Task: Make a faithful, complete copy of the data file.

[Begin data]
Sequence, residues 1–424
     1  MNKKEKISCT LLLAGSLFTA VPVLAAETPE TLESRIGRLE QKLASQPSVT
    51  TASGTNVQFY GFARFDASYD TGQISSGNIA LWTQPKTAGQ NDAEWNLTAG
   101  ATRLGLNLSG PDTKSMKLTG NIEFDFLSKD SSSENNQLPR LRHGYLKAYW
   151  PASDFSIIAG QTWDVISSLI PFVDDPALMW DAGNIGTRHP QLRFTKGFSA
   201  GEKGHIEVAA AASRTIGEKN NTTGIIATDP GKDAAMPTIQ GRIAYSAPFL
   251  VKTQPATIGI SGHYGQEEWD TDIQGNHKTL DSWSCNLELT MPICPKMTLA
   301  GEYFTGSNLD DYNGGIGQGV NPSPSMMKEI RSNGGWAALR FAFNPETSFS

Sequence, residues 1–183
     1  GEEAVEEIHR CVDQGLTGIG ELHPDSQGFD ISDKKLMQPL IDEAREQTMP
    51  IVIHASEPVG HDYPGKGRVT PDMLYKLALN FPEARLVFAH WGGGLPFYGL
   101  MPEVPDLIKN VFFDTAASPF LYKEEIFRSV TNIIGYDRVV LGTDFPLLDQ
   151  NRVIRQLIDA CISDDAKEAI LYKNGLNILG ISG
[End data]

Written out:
Sequence, residues 1–424
     1  MNKKEKISCT LLLAGSLFTA VPVLAAETPE TLESRIGRLE QKLASQPSVT
    51  TASGTNVQFY GFARFDASYD TGQISSGNIA LWTQPKTAGQ NDAEWNLTAG
   101  ATRLGLNLSG PDTKSMKLTG NIEFDFLSKD SSSENNQLPR LRHGYLKAYW
   151  PASDFSIIAG QTWDVISSLI PFVDDPALMW DAGNIGTRHP QLRFTKGFSA
   201  GEKGHIEVAA AASRTIGEKN NTTGIIATDP GKDAAMPTIQ GRIAYSAPFL
   251  VKTQPATIGI SGHYGQEEWD TDIQGNHKTL DSWSCNLELT MPICPKMTLA
   301  GEYFTGSNLD DYNGGIGQGV NPSPSMMKEI RSNGGWAALR FAFNPETSFS

Sequence, residues 1–183
     1  GEEAVEEIHR CVDQGLTGIG ELHPDSQGFD ISDKKLMQPL IDEAREQTMP
    51  IVIHASEPVG HDYPGKGRVT PDMLYKLALN FPEARLVFAH WGGGLPFYGL
   101  MPEVPDLIKN VFFDTAASPF LYKEEIFRSV TNIIGYDRVV LGTDFPLLDQ
   151  NRVIRQLIDA CISDDAKEAI LYKNGLNILG ISG